C.3 Testing Claims about the Population Standard Deviation

C.4 One-Way Analysis of Variance


Appendix A Tables





Michael Sullivan III is a Professor of mathematics at Joliet Junior College.  He holds graduate degrees from DePaul University in both mathematics and economics.  Mike is a very successful textbook author, having co-authored the following texts

  • Precalculus Enhanced with Graphing Utilities 4e (CR 2006)
  • College Algebra Enhanced with Graphing Utilities 4e (CR2006)
  • Algebra and Trigonometry Enhanced with Graphing Utilities 4e (CR2006)


His time in the classroom and extensive authoring experience has given him an excellent foundation to write a successful introductory Statistics text: Statistics: Informed Decisions Using Data 2e (2007) and a briefer version of this text, Fundamentals of Statistics, 1/e (2005).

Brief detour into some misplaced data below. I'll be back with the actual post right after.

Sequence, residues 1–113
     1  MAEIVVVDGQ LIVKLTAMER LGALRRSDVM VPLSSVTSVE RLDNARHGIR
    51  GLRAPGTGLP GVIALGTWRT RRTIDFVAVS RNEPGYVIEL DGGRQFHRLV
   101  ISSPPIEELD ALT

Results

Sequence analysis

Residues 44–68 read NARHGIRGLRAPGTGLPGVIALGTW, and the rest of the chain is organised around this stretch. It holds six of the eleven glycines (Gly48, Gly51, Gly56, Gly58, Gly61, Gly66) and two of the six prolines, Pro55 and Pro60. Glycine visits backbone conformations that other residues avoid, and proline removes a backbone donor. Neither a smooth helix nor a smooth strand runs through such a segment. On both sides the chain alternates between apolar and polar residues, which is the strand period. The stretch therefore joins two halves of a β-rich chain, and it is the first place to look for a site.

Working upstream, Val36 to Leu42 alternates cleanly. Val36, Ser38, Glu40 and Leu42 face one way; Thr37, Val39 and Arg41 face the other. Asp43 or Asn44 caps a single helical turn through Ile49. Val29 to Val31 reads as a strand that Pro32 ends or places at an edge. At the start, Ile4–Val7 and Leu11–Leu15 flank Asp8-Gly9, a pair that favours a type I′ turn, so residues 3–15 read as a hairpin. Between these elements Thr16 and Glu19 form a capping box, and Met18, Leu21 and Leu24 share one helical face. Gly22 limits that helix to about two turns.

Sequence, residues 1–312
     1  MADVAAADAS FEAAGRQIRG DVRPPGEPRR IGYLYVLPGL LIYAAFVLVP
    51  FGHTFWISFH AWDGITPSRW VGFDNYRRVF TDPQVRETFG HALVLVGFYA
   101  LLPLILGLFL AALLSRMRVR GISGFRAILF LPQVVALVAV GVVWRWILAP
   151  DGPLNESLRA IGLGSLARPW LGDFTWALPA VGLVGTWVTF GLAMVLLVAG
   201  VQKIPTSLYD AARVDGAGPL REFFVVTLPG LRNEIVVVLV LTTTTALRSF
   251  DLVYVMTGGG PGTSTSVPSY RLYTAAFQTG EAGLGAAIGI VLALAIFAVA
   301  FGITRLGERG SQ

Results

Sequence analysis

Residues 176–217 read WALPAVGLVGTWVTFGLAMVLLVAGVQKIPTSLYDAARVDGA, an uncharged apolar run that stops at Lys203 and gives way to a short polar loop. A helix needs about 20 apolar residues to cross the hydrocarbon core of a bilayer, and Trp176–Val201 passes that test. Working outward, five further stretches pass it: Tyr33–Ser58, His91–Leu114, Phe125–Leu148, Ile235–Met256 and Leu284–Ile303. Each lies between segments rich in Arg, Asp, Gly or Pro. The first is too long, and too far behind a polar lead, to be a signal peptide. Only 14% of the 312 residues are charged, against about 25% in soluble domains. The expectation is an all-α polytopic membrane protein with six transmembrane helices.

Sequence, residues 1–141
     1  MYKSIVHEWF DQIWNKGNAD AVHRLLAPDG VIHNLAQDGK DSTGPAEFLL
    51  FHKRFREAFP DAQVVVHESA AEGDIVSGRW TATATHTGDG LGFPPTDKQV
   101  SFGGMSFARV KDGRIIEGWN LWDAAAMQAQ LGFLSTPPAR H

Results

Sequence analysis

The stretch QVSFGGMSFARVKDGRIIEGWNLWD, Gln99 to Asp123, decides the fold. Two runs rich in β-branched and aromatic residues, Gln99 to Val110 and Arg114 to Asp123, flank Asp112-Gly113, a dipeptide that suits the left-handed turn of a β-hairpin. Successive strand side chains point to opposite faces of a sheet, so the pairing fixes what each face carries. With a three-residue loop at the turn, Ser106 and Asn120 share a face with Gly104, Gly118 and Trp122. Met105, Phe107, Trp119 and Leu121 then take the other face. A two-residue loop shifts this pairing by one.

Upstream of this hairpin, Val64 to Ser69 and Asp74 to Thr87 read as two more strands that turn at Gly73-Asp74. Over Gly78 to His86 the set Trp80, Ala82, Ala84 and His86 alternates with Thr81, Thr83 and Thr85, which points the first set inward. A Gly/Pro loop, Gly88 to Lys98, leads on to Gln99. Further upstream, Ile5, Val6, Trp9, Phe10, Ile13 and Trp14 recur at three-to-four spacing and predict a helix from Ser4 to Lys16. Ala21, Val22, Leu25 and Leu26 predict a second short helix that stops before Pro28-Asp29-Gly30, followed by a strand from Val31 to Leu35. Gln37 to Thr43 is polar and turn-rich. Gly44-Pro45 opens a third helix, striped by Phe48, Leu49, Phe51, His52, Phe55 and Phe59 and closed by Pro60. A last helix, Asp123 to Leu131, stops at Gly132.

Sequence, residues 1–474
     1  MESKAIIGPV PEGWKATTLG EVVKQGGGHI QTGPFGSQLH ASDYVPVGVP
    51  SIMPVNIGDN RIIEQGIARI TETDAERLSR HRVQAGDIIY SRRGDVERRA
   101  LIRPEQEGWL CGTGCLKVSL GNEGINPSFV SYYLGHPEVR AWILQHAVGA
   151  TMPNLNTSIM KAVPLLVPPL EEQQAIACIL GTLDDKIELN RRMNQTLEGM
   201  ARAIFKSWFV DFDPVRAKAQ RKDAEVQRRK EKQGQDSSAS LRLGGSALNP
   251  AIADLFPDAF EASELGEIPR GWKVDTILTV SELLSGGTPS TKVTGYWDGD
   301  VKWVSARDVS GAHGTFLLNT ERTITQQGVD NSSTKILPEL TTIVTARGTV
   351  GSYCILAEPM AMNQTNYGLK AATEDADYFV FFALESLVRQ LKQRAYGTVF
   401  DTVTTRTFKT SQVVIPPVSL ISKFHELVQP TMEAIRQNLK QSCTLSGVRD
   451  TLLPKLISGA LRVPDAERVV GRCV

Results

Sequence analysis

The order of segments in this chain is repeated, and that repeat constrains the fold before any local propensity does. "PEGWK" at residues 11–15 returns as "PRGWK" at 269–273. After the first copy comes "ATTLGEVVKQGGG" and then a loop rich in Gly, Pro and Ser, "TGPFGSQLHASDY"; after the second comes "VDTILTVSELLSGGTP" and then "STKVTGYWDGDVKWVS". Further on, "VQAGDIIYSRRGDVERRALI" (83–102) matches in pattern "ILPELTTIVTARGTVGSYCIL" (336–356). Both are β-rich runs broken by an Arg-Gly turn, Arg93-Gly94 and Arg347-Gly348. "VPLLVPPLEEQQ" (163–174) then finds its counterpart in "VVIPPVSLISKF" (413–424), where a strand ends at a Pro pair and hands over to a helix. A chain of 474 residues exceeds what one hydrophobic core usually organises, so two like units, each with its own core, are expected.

Because Mike's passion is making math more exciting and accessible to students, he is coauthoring a developmental math series for Prentice Hall that will be published in 2007. These titles will include:

  • Elementary Algebra (CR2007)
  • Intermediate Algebra (CR2007)
  • Elementary and Intermediate Algebra (CR2007)


Mike is the proud father of three children and when he isn't teaching or writing, he can be found coaching his children's baseball and soccer teams.